it but have attended their monthly meditations in Fallowfield, they
have let the mind be in natural state, just like a pool of muddy water
settles and becomes clear if you let it rest, same with mind).
Mindfulness of breathing led by Munisha from Manchester Buddhist centre, summarised by Joy who did not attend it. Still waiting for someone to properly summarise it.
Dhammakaya meditation, led by Phra Seri Sirisampanna from Wat Cheroen Bhavana, summarised by Chandra
Leave sufficient and convenient time for Meditation.
Meditation instructions :
Dhammakaya meditation, summarised by Joy
First imagine yourself in empty place with no light and no fear, you are alone in the room, then relax completely by imagining relaxation flow as a thick liquid from top of your head all the way down, relaxing every part of your body, every muscle from forehead, cheeks, eyebrows, neck, arms, back, stomach, legs etc from top to down. Once fully relaxed, imagine your body completely hollow and a shiny crystal ball of light at the centre of your body, 2 fingers above navel, concentrate on that point because its the most stable and balanced point. Light shines from centre of the ball, you can repeat silently to yourself the mantra SAMMA ARAHAM which means the highest state human can attain, the mantra sound is coming from that ball of light and spreading in all directions.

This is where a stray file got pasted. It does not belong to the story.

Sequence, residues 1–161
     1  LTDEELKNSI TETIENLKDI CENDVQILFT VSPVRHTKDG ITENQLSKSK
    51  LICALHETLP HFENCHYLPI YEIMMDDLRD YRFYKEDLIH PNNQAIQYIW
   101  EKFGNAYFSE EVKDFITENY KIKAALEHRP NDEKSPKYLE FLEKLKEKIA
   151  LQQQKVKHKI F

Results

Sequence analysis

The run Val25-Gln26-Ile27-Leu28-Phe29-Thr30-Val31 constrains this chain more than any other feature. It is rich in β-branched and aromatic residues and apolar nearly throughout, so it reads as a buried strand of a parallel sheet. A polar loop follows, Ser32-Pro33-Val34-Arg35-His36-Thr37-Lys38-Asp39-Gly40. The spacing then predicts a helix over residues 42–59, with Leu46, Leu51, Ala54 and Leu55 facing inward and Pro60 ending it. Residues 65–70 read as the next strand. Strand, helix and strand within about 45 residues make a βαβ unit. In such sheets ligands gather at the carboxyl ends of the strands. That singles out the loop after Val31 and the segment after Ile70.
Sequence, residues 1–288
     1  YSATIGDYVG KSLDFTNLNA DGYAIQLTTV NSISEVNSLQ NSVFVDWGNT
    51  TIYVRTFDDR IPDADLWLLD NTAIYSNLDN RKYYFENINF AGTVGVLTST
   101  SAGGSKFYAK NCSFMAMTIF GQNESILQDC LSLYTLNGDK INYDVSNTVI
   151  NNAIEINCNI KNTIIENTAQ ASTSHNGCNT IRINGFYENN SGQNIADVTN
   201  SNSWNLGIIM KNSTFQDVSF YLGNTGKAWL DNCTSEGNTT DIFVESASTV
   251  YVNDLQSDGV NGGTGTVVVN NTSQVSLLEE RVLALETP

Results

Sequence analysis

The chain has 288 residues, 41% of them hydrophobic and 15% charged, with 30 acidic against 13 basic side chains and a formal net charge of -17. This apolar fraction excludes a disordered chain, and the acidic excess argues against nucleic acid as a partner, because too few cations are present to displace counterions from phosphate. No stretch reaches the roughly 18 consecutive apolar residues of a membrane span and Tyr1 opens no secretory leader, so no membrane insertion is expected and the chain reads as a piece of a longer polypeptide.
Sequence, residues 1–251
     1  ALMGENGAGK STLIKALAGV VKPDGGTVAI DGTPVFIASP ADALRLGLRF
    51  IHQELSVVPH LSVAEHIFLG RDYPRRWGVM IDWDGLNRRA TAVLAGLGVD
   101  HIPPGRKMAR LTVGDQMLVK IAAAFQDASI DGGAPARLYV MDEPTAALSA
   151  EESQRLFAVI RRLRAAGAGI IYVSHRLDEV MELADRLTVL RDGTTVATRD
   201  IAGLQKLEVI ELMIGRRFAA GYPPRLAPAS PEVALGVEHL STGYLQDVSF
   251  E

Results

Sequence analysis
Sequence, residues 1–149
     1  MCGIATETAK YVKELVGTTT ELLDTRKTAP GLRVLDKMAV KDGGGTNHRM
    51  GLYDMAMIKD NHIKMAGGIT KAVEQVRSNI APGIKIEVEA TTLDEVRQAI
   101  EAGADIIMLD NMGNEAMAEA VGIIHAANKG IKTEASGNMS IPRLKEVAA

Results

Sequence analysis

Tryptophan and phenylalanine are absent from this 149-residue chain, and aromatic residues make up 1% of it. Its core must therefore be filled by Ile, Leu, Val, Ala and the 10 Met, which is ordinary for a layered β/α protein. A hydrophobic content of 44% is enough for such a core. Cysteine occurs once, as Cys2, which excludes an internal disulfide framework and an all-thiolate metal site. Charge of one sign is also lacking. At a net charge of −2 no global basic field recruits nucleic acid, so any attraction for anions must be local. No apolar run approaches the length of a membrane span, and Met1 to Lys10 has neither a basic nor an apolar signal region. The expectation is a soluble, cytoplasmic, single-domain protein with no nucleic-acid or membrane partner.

Lunch, summarised by Joy:
Lunch was most delicious food prepared by about 10 to 15 BLIA volunteers led by venerable, including Kai Zhu, May Jie Jie, Lin Tze, Flora Choy, Fo Guang Shan venerables including Ven Miao Heng, etc, who worked all morning to prepare the food and cleaned the dishes and packed the excess food (because we only had about 70 instead of 100 we were expecting). After lunch fruit and dessert was from Thai and Burmese and sri Lankan temple. Aunty Anoja a lay devotee from Ketumati, whose birthday it was today, brought some delicious mangoes for the venerables. (For the tea session, tea-biscuits-fruit juice-coffee etc was brought by all us organisers including Cathleen, Jayawan, Prabath, Ven Piyatissa and others).
Five discussion sessions, summarised by Joy based on the summaries heard by the proposers.
I didnt attend it. All I heard It was a